Frustration is a tempter, an emotional trickster. It goads us with the false promise that our feelings are worthy of the mounting fireworks display: This is the last straw. I’m fed up. Can you believe this guy? Frustration, with its loud, emotional appeal; why not take its bait, and surrender?
But what does it earn us when we do? What was the outcome when, fueled by frustration, we said something curt to our boss, rolled our eyes in a meeting, snapped at a co-worker, “accidentally” hung up on a customer? Indulging frustration may feel satisfying, even necessary, for a moment. Then reality sets in, and with it the immediate need to clean up after our faux solution. If our indulgence had truly solved the problem, we wouldn’t need to run damage control.
It usually takes less energy to refrain from indulging frustration than to enact clean-up. Spraying frustration around the office makes our jobs harder, it doesn’t solve our problems and it makes us look bad.
Frustration is part of life. Rather than allowing it to pull your strings, learn to understand and manage it. This way, you can recognize the trickster and handle it in ways that benefit you.
Acquaint yourself with frustration
It’s hard to control what we don’t understand. So observe your own frustration. Dr. Laurie Nadel, psychotherapist, business coach and author of The Five Gifts: Discovering Hope, Healing and Strength When Disaster Strikes explains: “Frustration is not so much an emotion as it is a distorted cognitive response to a presupposition that we are entitled to get what we want in that particular moment. Therefore, I see frustration as a state that gives us an opportunity for critical thinking which is defined as ‘thinking about how we think.’ I do not see it as destructive…I see it as a possibility for growth.”
Just because frustration can feel overbearing and outlet-seeking, doesn’t mean you have to react in kind. Your self-composure and control matter more, especially in the workplace.
Enact real problem-solving measures
Reacting poorly to frustration doesn’t just lead to a messy solution, it also doesn’t solve the problem. Move past the urge enact regretful or rude responses-recognize those as urgings from the trickster.
When you feel that urge to do something destructive, it means you need a break. You need a minute to get emotionally on top of things. Dr. Nadel explains: “Recognize that when you are frustrated, you are being reactive rather than proactive. If you recognize frustration as a signal that there is a situation that needs to be explored from a different angle, then you can welcome it for the opportunity it offers for creative thinking.”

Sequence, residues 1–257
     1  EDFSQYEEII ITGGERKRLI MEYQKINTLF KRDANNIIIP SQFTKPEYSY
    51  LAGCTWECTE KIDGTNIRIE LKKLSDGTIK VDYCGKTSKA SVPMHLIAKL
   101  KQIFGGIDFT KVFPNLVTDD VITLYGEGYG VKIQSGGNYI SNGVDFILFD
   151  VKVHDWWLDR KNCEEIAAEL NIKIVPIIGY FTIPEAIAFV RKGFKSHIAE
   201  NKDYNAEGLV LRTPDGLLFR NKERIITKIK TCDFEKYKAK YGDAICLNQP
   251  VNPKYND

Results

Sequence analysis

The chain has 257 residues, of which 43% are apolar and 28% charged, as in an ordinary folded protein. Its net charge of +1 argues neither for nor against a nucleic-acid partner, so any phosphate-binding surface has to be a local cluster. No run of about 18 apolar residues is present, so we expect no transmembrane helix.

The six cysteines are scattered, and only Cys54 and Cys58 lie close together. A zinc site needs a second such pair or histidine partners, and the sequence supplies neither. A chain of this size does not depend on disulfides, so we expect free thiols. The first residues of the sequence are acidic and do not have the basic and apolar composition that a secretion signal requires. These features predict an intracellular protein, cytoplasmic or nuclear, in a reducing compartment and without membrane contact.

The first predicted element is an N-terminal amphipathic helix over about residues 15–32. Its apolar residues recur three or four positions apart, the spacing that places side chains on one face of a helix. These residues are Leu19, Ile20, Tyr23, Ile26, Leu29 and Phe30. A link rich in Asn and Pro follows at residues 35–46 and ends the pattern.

You probably have a real problem on your hands-you’ve got a boss who doesn’t support you or a co-worker who drives you crazy. You need real solutions. You need to think that through and to talk to your support network.
But in that moment, while you’re on the phone with an angry customer who wants to blame you for everything, you need to get out of the interaction in a tidy way that benefits you. Then you can work through the bigger problem of the difficult boss or co-worker.
As you feel frustration mounting, instead of indulging it, examine it. “I feel stressed. This person is blaming me, and it’s not my fault. I worry that if I go to my boss about it, she won’t have my back. So I’m going to get off this call, causing as little disruption as possible. Then I’m going to think about my relationship with my boss, because if she can’t support me during stressful times I’m not sure that this role can be a fit for me.”
Don’t magnify problems for yourself by allowing frustration to take the wheel. Take a moment. Analyze the issues. Free yourself from the immediate, pressing situation. Consider how to solve the underlying problem.
Dr. Nadel advises: “Frustration is frequently a reaction to our perceived helplessness in a particular situation. But we are not helpless. When we express frustration by blaming someone else, we are missing out on an opportunity to reposition our response to that sense of helplessness.”
Skillfully handling the trickster
Exhibiting composure during a stressful moment, and handling challenges gracefully are impressive qualities. Dr. Nadel points out there’s much to learn: “If we see frustration as a message that we need to explore our thinking about the ‘frustrating’ issue, then we stop ‘tolerating’ frustration and utilize it to our benefit.”
These are components of emotional intelligence that show that you understand your feelings and that you know how to manage them. Compare that with the alternative.
Decide to behave in the way that benefits you, taking the opportunity it offers to hone your self-control. Teach yourself how to do so by recognizing the rewards it gives you versus the extra work it leaves you with to behave in an emotionally chaotic way.
Dr. Nadel explains: “Every state contains information. Uncomfortable states contain a lot of powerful information about how we look at things. I see frustration as an opportunity to think critically and to change models of belief and behavior that are not working for us. It’s a good thing if we work with it.”
Take the opportunity. You’re in control, not the trickster.